As repeatedly mentioned before, with the push for higher displays and CPUs on smartphones slowing down just a wee bit, attention is now being given to the last part of the system to catch up: storage. We are entering a period of not just faster flash memory for mobile devices but also growing densities. Samsung is now trying to pull up even those on lower rungs of the device tier by bringing out the highest density 128 GB eMMC 5.0 storage squarely marketed for mid-range devices.
The “eMMC 5.0” in this particular 3-bit NAND storage might be a bit puzzling considering how Samsung has been hyping its new UFS 2.0-based memory which it put inside the Galaxy S6 and Galaxy S6 edge. And indeed, the Korean OEM believes that UFS 2.0 is the future, with eMMC 5.1, which incorporates some of the advantages of UFS 2.0, would be a transitioning option.
However, those higher-end memory will naturally incur higher prices because of higher costs of production. In short, it might not be something that OEMs can afford to put in mid to low range devices. To give these smartphones and tablets a fighting chance, Samsung is making available a relatively more affordable NAND storage based on the older eMMC 5.0 that can definitely stand proud with its 128 GB capacity.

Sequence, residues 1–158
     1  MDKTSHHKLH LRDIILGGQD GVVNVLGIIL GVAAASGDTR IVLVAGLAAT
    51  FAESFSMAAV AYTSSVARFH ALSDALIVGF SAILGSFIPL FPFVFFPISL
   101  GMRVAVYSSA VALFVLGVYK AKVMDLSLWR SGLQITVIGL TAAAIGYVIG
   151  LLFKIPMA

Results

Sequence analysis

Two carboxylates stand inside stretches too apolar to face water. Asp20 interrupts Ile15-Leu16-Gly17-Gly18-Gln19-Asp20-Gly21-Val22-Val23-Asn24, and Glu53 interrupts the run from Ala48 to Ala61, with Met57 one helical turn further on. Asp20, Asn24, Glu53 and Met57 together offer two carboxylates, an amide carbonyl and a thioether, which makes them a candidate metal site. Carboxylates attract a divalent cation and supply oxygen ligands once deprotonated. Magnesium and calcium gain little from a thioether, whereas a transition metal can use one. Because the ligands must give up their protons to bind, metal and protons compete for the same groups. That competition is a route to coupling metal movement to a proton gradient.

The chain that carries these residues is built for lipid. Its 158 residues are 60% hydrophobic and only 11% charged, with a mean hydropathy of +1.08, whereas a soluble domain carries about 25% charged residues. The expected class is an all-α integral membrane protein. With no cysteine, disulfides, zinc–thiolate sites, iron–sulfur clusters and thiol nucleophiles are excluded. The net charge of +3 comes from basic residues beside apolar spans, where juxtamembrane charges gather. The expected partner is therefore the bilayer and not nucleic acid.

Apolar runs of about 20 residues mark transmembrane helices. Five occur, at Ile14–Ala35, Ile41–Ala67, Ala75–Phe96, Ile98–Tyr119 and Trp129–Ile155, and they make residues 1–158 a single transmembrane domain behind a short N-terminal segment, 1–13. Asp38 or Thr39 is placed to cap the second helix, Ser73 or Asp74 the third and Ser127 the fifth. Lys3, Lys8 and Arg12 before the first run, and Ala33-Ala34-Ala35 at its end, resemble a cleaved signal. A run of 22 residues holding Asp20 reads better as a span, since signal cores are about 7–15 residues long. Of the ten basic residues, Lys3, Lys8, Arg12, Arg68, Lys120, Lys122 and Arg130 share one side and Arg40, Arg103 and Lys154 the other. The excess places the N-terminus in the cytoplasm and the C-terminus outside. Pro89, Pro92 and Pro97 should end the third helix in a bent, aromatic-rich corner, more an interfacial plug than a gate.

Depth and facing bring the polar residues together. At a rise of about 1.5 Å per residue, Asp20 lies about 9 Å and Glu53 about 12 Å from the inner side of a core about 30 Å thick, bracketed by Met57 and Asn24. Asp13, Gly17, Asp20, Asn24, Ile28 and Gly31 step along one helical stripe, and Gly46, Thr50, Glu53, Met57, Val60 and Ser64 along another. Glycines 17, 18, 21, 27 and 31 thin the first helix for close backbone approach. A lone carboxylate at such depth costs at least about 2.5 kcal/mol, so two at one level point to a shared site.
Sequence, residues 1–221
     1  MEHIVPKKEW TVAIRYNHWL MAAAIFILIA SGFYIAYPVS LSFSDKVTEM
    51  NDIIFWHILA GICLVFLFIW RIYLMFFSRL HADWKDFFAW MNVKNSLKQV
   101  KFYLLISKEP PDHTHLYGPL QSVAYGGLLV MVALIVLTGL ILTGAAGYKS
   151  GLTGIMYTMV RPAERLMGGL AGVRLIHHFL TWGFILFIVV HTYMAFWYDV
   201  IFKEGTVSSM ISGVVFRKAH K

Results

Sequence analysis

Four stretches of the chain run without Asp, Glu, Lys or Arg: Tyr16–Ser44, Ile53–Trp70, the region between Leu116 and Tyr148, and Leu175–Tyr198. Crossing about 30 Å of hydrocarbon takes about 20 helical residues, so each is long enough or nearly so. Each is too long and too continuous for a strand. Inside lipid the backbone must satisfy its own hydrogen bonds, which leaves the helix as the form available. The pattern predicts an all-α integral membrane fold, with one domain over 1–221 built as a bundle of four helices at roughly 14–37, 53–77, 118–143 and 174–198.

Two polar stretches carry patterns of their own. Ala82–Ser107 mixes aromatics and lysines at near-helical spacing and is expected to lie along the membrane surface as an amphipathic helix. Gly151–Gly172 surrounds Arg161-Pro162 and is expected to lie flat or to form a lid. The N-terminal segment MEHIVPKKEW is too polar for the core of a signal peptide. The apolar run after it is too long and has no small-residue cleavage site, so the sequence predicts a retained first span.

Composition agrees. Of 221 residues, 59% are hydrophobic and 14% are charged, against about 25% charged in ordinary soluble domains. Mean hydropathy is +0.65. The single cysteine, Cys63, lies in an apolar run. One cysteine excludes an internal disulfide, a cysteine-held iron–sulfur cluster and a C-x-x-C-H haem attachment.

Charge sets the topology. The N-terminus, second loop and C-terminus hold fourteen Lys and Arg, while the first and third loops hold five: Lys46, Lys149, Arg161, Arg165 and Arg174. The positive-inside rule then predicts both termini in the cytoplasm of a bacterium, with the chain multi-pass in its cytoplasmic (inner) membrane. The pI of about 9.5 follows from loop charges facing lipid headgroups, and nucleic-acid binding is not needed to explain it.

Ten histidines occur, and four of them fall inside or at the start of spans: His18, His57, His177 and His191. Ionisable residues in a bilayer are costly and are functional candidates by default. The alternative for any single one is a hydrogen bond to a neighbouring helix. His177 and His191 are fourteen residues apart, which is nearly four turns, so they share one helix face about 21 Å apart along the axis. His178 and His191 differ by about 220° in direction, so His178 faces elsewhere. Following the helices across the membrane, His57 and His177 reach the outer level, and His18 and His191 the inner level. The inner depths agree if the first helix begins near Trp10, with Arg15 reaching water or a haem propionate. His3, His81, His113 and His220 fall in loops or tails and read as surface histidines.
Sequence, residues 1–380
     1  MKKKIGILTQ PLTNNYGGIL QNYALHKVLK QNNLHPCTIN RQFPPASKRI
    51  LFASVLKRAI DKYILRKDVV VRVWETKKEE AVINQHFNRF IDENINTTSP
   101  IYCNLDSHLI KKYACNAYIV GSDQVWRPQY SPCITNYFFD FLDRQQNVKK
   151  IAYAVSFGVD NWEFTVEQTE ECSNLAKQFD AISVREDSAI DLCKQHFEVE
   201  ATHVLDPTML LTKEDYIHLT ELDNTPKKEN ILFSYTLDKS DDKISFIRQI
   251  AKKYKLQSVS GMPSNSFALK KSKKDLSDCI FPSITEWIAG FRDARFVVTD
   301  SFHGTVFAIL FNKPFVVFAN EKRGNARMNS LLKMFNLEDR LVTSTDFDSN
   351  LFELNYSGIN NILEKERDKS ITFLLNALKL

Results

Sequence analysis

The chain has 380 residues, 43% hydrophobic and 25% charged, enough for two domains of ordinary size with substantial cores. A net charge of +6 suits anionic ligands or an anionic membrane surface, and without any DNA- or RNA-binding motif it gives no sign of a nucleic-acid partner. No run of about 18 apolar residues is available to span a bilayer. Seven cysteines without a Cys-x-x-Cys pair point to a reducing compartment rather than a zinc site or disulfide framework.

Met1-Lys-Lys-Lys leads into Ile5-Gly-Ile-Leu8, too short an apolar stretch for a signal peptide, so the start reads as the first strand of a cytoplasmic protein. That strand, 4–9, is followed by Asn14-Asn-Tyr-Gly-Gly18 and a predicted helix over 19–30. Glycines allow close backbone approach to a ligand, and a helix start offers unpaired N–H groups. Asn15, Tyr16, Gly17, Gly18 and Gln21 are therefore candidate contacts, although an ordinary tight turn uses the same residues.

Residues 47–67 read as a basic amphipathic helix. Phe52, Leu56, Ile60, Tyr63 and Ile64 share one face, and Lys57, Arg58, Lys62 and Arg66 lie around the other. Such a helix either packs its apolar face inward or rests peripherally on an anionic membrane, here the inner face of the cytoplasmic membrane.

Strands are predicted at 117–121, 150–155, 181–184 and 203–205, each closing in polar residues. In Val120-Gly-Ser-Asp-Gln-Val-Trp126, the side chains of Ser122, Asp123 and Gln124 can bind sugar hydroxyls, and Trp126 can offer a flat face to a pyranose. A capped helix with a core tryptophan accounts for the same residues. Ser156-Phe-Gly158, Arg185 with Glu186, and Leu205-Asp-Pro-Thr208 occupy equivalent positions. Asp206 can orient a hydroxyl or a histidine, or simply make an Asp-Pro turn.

And it’s not only size that Samsung boasts about. This 128 GB storage is claimed to actually perform as well as similar MLC (multi-level cell) NAND memory based on the newer eMMC 5.1 standard. Sequential read speeds, for example, measure 260 MB/s, while for random processes it maxes out at 6,000 and 5,000 IOPS (input/output operations per second) for read and write, respectively. This is all thanks to Samsung’s manufacturing processes and its 3-bit per cell NAND technology.
Samsung pretty much has all device tiers covered with its storage solutions, from high-end ones with its UFS 2.0 and eMMC 5.1 options and now to lower tier ones with its high-capacity eMMC 5.0 offering. Hopefully this will start the push for a higher baseline on devices and we will stop seeing measly 16 GB configurations on flagships.